One of the major problems that most hoverboard owners face is their board shakes. Some of my good friends asked me frequently, “why does my hoverboard shake?” In this article, I am going to answer this question.
“Generally, when a rider is significantly underweight from the weight recommendation or the sensors aren’t perfectly pressed, hoverboards usually shake a bit. Another reason behind a shaking hoverboard is when any of the major internal components like the motherboard or a sensor doesn’t work in order”
Still, confused? Stay with me throughout the article to get a deep insight on why does your hoverboard shake and how you can potentially fix it by yourself.
The Mechanism of a Hoverboard
Okay, let’s talk about the mechanism of a hoverboard first. The electric motors are located inside the wheels. Besides, the wheels also house a tilt and speed sensor. As a result, an individual wheel’s RPM can be easily detected.
After detecting the RPM, it is sent to the speed control boards and gyroscope as well. After receiving the RPMs, the main logic board processes the data and keeps the hoverboard balanced. So, if you calibrate the board, the gyroscope will be zeroed and kept flat.
As the logic board is the central processing center of the hoverboard, it calculates all the metrics in real-time and does the balancing job. The battery pack supplies energy to your board. So, the question is, how does a hoverboard know when you move? The smart design of the board makes it quite convenient. There are pressure pads that sit on two switches underneath your feet. However, everything starts with pressing the power button.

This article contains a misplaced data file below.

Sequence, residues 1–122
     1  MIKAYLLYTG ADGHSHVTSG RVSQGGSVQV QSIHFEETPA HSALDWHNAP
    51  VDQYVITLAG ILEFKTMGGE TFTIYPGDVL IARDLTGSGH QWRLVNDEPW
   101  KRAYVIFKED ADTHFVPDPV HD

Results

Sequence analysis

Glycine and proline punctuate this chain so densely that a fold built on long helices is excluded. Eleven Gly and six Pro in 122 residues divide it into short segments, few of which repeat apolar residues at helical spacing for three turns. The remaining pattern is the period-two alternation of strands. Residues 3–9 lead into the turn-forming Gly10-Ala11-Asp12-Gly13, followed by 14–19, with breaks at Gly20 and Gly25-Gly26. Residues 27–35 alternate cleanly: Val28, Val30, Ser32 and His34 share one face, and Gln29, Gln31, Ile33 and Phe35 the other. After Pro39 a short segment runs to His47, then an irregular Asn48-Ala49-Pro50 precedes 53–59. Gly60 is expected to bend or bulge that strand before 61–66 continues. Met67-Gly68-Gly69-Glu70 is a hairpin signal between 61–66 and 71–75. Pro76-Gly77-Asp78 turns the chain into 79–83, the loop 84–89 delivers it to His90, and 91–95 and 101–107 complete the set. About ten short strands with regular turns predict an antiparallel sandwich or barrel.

The moment you lean forward; the front switch will be pressed. There’s a little plastic wall in between the infrared LED and the sensor. The tilt sensors are so smart and will instantly instruct the gyroscopes about your forward-leaning.
This information will eventually be sent to the logic board. So, if you lean faster, the logic board will signal the motor to spin faster. That is how hoverboard spinning occurs, and you control its speed.
Why Does My Hoverboard Shake
It is a common question among the owners. There are some specific reasons for this issue. In this section of this article, I will try to explain it clearly. As I mentioned the complete hoverboard mechanism above, the answer to this question lies there.
Do you see that? To make the hoverboard move forward, the sensor should be pressed, and the signal must be sent to the motherboard. If, for any reason, the sensors are not pressed in the right manner, it will end up vibration or shaking.
Typically, if you are an adult or fit person, in most cases, you won’t face this issue. But, if you are too light from the recommended weight, cheap hoverboards may not work properly. That is why persons with lesser weights may also face this issue. If you’re not aware of this, the recommended weight is at least 40 pounds for a hoverboard.